AEM451_Econ409_prelim_solutions_Exam

AEM451_Econ409_prelim_solutions_Exam - First Exam AEM...

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First Exam: March 13, 2007 AEM 451/Econ 409, Environmental Economics Please, write your name below and on the cover of the blue book, and initial the upper right-hand corner of each page of this exam sheet, read each question carefully before writing your answer, show all of your work — I award partial credit — use back of page or blue book if necessary (if you have to make any assumptions, please provide them), write legibly, concisely, and coherently, no looking at other exams or communication of any sort, you may use an instructor provided calculator if necessary, do not hesitate to ask questions regarding this exam, the exam period ends at 4:10 PM, and return exam questions and answers before leaving. NOTES: The exam period is 75 minutes, and there are 75 points. If you wish, you may use the problem point allocation as an indicator of how to allocate your time. We have approached some of these problems graphically in class or in our reading. Feel free to use graphs if they are helpful to you. Please read and sign to indicate agreement. If you are missing a page, let Dan know. “I have checked and there are, including this page, ___ 7___ sequentially numbered pages in this handout. Further, in signing below I agree to abide by the Cornell University Code of Academic Integrity with respect to this exam. I have/I have not ( circle one ) also provided answers in a blue book.” Name: ______________________________Signature:___________________________. Part I ________ (out of 40) Part II ________ (out of 35) Total Score ________ (out of 75) 1
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Part I: Efficiency, Public Choice, and Public Goods 1. (4 points) What does “The Compensation Principle” say? If there exists some possible set of transfers among individuals such that allocation E combined with the transfers would make everyone at least as well off as allocation D without the transfers, and at least one person better off, then a change from D to E is desirable. 2. (7 points) Briefly define the two attributes that distinguish public bads from private bads. Non-excludability: (A good is excludable if it is feasible and practical to selectively allow consumers to consume the good.) A bad is excludable if it is feasible and practical to selectively allow consumers to avoid consumption of the bad. (Musgrave, 1959) Non-rivalry: (One person’s consumption of the public good does not diminish the amount of public good available to others to consume.) One person’s consumption of a bad does not diminish the amount of the bad that others have to face. 2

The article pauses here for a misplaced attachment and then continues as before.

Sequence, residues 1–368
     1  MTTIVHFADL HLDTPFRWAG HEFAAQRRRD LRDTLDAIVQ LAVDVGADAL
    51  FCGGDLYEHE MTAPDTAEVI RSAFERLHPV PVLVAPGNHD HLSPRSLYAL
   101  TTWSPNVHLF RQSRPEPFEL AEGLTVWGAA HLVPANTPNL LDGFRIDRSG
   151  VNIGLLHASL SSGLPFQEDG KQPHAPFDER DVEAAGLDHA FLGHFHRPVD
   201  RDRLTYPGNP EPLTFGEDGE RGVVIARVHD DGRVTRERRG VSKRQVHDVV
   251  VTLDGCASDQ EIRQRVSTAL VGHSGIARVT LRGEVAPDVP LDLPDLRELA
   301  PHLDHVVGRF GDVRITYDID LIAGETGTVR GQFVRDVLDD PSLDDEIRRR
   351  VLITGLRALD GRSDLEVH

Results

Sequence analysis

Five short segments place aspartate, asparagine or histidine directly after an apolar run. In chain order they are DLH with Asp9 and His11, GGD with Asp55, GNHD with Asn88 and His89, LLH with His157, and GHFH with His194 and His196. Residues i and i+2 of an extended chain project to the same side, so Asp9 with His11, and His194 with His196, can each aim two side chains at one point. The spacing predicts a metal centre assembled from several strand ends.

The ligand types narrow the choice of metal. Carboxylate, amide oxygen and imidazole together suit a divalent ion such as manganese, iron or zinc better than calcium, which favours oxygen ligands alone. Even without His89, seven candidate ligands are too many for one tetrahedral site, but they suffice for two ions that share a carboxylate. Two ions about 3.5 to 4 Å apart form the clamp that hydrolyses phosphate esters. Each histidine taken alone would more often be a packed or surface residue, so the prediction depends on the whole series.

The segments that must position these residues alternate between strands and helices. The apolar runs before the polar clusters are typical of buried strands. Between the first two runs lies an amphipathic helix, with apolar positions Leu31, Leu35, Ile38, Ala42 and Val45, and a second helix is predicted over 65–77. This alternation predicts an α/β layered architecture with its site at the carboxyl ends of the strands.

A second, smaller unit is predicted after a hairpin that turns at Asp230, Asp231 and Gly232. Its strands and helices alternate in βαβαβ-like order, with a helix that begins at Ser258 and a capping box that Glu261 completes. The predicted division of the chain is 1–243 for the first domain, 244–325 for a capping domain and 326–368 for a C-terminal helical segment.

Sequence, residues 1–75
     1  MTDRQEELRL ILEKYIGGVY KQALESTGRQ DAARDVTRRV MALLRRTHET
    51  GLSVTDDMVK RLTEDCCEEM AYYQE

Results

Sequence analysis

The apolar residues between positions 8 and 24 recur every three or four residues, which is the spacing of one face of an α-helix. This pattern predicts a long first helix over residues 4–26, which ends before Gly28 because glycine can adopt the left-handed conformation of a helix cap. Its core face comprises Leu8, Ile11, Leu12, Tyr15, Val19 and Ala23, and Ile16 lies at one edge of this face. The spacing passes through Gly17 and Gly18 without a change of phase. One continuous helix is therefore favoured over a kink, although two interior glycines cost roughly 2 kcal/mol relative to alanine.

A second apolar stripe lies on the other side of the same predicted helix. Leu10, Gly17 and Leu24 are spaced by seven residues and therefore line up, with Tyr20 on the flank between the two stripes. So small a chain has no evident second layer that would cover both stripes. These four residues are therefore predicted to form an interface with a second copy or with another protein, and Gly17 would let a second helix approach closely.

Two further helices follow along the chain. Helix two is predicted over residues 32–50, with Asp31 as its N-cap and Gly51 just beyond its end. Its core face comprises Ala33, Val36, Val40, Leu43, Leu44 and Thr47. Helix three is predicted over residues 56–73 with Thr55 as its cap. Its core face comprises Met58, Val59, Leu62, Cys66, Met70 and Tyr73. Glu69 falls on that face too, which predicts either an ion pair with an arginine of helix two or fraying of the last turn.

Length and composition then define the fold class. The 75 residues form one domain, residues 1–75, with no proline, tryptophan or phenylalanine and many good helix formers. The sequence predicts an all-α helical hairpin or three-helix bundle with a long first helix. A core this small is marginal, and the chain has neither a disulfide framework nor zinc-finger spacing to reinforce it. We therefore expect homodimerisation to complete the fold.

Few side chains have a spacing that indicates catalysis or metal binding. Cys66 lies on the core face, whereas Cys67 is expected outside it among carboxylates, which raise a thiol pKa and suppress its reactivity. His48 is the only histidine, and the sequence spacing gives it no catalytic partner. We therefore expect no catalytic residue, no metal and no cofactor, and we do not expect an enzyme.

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3. (10 points) Smoky Hollow Smoky Hollow has a population of two people, A and B. It also has a small factory (a smokehouse) owned by a third person, who lives elsewhere in the county. The smoke affects only A and B.
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AEM451_Econ409_prelim_solutions_Exam - First Exam AEM...

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